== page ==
Thursday, October 20, 2011

A Perfect Family Saga Of Weird Timelessness: The Royal Tenenbaums Stands Up!

The Good: GREAT characters, Acting, Mood, Plot, Production design, Soundtrack
The Bad: Nothing comes to mind . . .
The Basics: An amazing piece of drama, the Tenenbaum family stands on the brink of destruction until Royal returns to try to gain redemption in The Royal Tenenbaums.

I've had a thing about Ben Stiller for a while; I watch every movie with him I can and I end up disappointed. Mystery Men, Zoolander (reviewed here!), and whatever else I've seen him in. I repress the memories. I write reviews, then repress it. The Royal Tenenbaums changes all of that. It figures: all he had to do was take a dramatic role and he works perfectly!

The Royal Tenenbaums is a character study of a strange upper class American family. The film revolves around Royal Tenenbaum, a disbarred lawyer who abandoned his children twenty-two years ago. His children were all geniuses: Chas who is an international finance master, Margot who is a brilliant playwright who has stopped producing, and Richie who was an amazing and famous tennis player. Richie's friend, Eli, is a novelist who is also a drug addict. Royal's wife, from whom he has been separated is Ethel, is a psychologist who is being courted by her accountant, Henry Sherman. When Chas, widowered for a year, has a nervous breakdown, the Tenenbaums come back together in Ethel's house. It is at this time that Royal claims he is dying and moves in as well hoping to reconcile with his family. In the course of the film, it quickly becomes clear that Royal is a liar, Eli is horribly drugged, Chas needs help and Richie is in love with Margot. And Margot's husband, Raleigh has no chance with her.

The Royal Tenenbaums is a family saga about one of the oddest upper class families ever conceived. Written by director Wes Anderson and actor Owen Wilson, this film is like a "Magnolia" Light, with less torment or less obvious torment. Presented as if it were a novel, The Royal Tenenbaums periodically presents chapter openings and then continues with the characters actually progressing from the way the scene is set up on the page.

The magic of this film is that it has the feel of a novel. It has the complexities, the lines that we want to come back to again and again. Moreover, the sets are so richly colored and decorated it's visually impressive: beautiful to the eye. The incredible thing about the writing is that it has all of the pauses of paragraph breaks throughout the film. So, there are moments when the viewer comes in on the reaction to startling information being revealed and it works perfectly to have these shots that establish the scenes, then move. Perfect.

Add to that, the musical direction is amazing. The themes seem almost constant and when "Ruby Tuesday" belts out after a moment of profound revelation, the emotions in the viewer just burst over with Richie. All of the music is great and perfectly timed.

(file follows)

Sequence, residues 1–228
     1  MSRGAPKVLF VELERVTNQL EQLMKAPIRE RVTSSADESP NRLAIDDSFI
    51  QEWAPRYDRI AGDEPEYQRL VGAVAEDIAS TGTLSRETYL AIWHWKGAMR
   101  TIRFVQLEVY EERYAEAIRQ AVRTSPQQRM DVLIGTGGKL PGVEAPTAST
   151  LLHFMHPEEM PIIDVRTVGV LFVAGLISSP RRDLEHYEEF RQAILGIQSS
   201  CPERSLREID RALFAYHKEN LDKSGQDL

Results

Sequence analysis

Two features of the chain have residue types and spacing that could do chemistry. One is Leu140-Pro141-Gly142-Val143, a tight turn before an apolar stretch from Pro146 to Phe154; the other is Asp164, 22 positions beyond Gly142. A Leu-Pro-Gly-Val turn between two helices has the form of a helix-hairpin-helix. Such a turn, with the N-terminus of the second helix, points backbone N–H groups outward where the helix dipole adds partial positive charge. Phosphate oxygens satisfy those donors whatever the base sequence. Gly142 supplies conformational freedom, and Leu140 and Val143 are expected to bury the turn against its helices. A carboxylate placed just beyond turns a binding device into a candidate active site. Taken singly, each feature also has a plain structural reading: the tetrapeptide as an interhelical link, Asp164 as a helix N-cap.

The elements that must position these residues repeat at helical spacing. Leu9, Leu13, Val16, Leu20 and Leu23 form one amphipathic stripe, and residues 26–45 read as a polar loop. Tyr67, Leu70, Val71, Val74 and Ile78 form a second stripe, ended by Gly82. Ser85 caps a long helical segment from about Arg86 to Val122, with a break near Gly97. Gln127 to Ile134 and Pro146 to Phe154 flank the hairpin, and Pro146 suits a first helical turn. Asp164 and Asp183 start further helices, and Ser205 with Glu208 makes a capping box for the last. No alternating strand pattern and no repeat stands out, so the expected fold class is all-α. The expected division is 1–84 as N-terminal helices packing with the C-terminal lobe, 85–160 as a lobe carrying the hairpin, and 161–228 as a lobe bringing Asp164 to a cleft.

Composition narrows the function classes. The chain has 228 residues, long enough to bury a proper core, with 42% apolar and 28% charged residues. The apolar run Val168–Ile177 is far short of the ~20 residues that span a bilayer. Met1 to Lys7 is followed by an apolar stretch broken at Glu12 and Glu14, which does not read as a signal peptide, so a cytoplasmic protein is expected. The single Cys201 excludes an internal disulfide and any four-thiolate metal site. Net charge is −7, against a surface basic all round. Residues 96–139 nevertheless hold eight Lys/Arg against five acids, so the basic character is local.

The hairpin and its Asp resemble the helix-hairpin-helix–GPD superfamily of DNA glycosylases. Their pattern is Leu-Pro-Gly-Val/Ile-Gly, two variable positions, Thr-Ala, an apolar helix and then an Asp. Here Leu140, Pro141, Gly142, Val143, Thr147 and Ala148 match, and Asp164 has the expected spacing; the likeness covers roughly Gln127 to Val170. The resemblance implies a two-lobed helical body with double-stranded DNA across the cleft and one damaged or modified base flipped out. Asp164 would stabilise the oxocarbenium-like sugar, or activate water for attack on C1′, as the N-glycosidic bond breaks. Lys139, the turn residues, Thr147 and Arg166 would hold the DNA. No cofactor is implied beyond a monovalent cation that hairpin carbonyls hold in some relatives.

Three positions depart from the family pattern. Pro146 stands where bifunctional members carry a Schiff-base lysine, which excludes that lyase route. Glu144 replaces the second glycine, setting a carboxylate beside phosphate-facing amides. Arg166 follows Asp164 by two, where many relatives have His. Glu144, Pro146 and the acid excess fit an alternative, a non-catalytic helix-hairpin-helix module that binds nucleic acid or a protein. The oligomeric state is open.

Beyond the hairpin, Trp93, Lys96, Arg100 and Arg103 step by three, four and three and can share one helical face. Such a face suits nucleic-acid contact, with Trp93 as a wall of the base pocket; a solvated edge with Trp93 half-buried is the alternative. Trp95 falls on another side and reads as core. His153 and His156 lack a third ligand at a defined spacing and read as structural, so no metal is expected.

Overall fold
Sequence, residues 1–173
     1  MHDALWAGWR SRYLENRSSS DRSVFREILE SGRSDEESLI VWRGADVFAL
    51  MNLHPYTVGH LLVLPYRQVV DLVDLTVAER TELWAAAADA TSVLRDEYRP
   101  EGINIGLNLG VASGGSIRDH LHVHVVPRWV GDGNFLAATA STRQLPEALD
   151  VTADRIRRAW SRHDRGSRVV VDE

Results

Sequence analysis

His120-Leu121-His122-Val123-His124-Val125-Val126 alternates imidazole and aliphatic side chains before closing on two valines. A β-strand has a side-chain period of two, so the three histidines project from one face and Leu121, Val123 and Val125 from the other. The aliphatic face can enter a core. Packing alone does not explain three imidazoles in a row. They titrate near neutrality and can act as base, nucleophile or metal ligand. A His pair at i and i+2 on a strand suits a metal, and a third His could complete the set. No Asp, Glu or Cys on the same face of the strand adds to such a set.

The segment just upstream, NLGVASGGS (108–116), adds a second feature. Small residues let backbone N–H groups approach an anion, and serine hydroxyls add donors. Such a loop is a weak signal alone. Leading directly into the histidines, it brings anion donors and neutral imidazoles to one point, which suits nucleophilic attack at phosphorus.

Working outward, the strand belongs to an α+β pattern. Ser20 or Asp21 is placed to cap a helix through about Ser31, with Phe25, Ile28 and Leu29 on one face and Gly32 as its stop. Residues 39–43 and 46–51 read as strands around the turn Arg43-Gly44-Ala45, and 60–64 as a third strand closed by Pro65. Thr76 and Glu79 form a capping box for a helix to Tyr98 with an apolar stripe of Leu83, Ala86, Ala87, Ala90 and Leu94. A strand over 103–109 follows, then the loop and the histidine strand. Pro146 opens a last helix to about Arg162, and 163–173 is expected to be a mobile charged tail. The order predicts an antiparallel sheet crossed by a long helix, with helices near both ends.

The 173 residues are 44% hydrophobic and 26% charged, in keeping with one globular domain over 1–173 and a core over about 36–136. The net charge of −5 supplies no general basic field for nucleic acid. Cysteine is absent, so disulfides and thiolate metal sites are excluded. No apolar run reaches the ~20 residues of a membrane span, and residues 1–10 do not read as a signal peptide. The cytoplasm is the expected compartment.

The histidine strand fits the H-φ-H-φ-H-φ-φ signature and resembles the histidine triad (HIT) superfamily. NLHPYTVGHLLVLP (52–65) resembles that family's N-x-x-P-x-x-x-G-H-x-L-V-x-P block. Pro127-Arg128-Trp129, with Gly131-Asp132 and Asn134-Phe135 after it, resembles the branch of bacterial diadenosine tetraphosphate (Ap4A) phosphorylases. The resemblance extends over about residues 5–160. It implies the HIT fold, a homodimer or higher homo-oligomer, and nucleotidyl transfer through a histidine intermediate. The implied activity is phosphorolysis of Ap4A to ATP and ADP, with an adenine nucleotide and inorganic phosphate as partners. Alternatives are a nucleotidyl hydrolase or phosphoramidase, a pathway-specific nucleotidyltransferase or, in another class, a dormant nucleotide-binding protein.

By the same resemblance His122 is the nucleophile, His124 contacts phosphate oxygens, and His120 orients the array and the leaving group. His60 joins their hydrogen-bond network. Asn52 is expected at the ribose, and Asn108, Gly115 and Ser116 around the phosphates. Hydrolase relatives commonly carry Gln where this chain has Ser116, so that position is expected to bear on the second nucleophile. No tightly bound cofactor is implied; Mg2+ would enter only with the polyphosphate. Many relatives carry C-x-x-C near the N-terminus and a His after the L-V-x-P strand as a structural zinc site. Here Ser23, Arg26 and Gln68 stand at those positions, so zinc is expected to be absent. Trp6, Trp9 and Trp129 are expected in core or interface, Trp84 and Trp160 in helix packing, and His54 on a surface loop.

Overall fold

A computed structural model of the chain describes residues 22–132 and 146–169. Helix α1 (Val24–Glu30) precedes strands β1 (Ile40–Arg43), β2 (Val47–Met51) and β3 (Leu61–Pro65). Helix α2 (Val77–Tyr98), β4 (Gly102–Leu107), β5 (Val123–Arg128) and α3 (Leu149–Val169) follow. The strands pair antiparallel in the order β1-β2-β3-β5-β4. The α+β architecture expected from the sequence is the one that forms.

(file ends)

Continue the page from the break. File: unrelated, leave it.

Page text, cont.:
The characters are all intriguing. Chas is amazing in his wounded sensibilities, hurt and protective. He makes so much sense in lieu of his wife's death. But all of the other characters are equally intriguing. Margot's strange backstory is hilarious and Richie's life is just plain understandably tormented. So sad, but so wonderful to watch. Eli . . . Eli is just the strangest freak to grace the screen since Edward Scissorhands (though not in the same way).

What the viewer gets is a complex drama about how people interact and what binds individuals - especially in a family - again. Royal's quest for redemption from his family is complicated several times, yet still her perseveres.

What makes the film rewatchable often is the acting. The acting here is wonderful. Gene Hackman is great as Royal. He makes Royal horrible in his simplistic selfishness. He plays Royal different from every other villain he has ever created. He embodies the worst in fatherly neglect and he does it with a sense of humor.

Gwyneth Paltrow, Anjelica Huston and Owen Wilson are each great as Margot, Ethel, and Eli. But Luke Wilson plays a mature and complex role in Richie. He is a sensible character and Wilson plays the part with serious determination that illustrate his potential as a great drama actor.

But Ben Stiller does it here. He acts as Chas. He ACTS! Here he's not Ben Stiller playing Ben Stiller as Zoolander, here he's Ben Stiller playing Chas Tenenbaum. There's no hint of Stiller's ego and repetitive humor scheme here. He gets into the part of a paranoid businessman in a red workout suit. This is the role he deserves an award for.

That's not to say the film doesn't have humor. It's funny in a lot of places, but it's also horribly sad and wrenching. It may take a few viewings to understand all of the different elements - just as a great book may require more readings - but heck, who wouldn't want to see a well stylized film about a brother with an Oedipal Complex, a father in search of redemption and a paranoid man in a workout suit with children in identical outfits rushing around trying to save themselves. It's a lot of fun, but it requires initial patience. It's worth it, though.

A great cast, intriguing characters and amazing direction make this film a must see.

For other works with Bill Murray, please be sure to visit my reviews of:
The Fantastic Mr. Fox
Get Smart
Charlie's Angels
Cradle Will Rock


For other film reviews, please visit my index page by clicking here!

© 2011, 2002 W.L. Swarts. May not be reprinted without permission.

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